Promoting responsible business conduct in the financial sector is vital to building a sustainable global economy. Although the Guidelines’ due diligence recommendations can help financial institutions, the inherent complexities in the sector create challenges. This paper highlights key considerations for institutional investors in carrying out due diligence that will help to identify and respond to environmental and social risks.
The G20/OECD Principles of Corporate Governance help policy makers evaluate and improve the legal, regulatory, and institutional framework for corporate governance, with a view to supporting economic efficiency, sustainable growth and financial stability. They are one of the Key Standards for Sound Financial Systems adopted by the Financial Stability Board (FSB). The associated Methodology for Assessing the Implementation of the G20/OECD Principles of Corporate Governance was developed by the OECD Corporate Governance Committee, with the participation of the World Bank, to underpin an assessment of the implementation of the Principles in a jurisdiction and to provide a framework for policy discussions, for example in the context of the Reviews of Observance of Standards and Codes (ROSCs) or other country assessments. This latest version incorporates changes that were made to the Principles during the 2015 review as well as a number of additional clarifications.
International investment spurs prosperity and economic development in home and recipient countries. Policy coordination helps governments resist protectionist pressures and develop effective policies. The OECD's Freedom of Investment process brings together some 56 governments from around the world to exchange information and experiences on investment policies at regular roundtables.
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This report to the G20 was prepared by the OECD Secretariat at the request of the co-chairs of the G20 International Financial Architecture Working Group as background documentation in support of the Information Workshop on the OECD Code of Liberalisation of Capital Movements held in Paris on 15 February 2017.
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Norway is a high-cost country and as a consequence, the access to competence and innovation is vital to the Norwegian shipbuilding industry’s competitiveness. Norway’s maritime industry thus has to focus on high value-added segments of the market and be knowledge-based. To this end, Norway’s competitive advantage is based on high investment in research and development.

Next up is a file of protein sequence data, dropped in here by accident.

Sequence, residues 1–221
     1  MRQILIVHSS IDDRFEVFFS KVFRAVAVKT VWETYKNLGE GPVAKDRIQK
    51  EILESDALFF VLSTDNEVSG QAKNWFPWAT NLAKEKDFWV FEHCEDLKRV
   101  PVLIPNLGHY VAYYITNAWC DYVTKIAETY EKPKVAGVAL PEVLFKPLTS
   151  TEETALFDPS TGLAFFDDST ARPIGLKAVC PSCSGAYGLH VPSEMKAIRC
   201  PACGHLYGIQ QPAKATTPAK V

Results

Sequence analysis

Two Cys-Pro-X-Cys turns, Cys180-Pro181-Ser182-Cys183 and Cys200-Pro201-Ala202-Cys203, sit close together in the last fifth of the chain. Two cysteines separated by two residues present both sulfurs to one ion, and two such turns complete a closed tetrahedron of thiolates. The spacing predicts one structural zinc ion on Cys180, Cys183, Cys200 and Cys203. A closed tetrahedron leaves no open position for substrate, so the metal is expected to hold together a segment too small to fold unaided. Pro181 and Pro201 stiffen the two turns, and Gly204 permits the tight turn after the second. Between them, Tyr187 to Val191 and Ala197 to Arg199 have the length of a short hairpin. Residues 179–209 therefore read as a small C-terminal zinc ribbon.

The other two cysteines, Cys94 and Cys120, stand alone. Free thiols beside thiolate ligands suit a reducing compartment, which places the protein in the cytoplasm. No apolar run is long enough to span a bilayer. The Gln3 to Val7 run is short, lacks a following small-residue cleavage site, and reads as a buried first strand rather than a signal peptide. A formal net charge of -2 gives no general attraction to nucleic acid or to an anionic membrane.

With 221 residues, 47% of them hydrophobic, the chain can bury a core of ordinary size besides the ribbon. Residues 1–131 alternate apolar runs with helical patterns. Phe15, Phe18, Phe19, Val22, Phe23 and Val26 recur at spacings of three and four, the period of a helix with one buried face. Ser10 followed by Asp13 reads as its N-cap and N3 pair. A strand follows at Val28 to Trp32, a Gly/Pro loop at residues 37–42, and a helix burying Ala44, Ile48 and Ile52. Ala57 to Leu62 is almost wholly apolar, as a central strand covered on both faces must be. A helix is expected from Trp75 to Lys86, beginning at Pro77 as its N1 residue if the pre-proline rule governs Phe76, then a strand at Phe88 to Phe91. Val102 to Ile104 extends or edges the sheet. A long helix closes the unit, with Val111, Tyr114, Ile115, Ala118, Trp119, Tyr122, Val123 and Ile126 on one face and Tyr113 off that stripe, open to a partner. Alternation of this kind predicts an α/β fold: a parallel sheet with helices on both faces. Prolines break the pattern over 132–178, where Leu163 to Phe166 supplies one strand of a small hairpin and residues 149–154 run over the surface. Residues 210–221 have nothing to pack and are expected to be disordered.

When companies involve stakeholders, such as local communities, in their decision making, it enables them to identify, and account for the impacts of their activities, and contribute to positive social and economic development. To address the challenges raised when engaging with stakeholders, the OECD is preparing a user guide on how to undertake due diligence in engaging with stakeholders for mining, oil and gas enterprises.
The Flemish economy is extremely diversified with a number of value-added industries and a highly skilled workforce. The shift to a green economy will however require specific knowledge, values and attitudes from the Flemish workforce. This report analyses the skills dimension of the transition to a green economy at the local level, with specific reference to emerging needs in the agro-food, construction and chemicals sectors. It also provides recommendations for the development of green skills and occupational profiles at the organisational level, while advising policy makers on the best method of assisting firms to transition to a green economy.
The Mexico Tourism Policy Review provides an assessment of tourism-related policies, programmes and plans to support sustainable tourism development in Mexico. Policy recommendations focus on priority areas to help strengthen Mexico's tourism sector and take advantage of opportunities with strong potential for economic growth, investment and development, notably in the following areas: policy-making environment and governance arrangements; transport, mobility and connectivity for visitor travel; inclusive tourism growth, destination development and product and regional diversification; and investment and SME financing.
The OECD is a forum where treaty negotiators and experts from OECD and non-OECD countries work together to enhance common understanding of core treaty provisions and emerging legal issues and to improve outcomes of international investment agreements for governments and investors. This page provides a comprehensive overview of OECD work in this domain.
This OECD publication provides statistics on international trade in services by partner country for 31 OECD countries plus the European Union, the Euro area and the Russian Federation as well as links to definitions and methodological notes. The data concern trade between residents and non-residents of countries and are reported within the framework of the Manual on Statistics of International Trade in Services. This book includes summary tables of trade patterns listing the main trading partners for each country and by broad service category. Series are shown in US dollars and cover the period 2011-2015.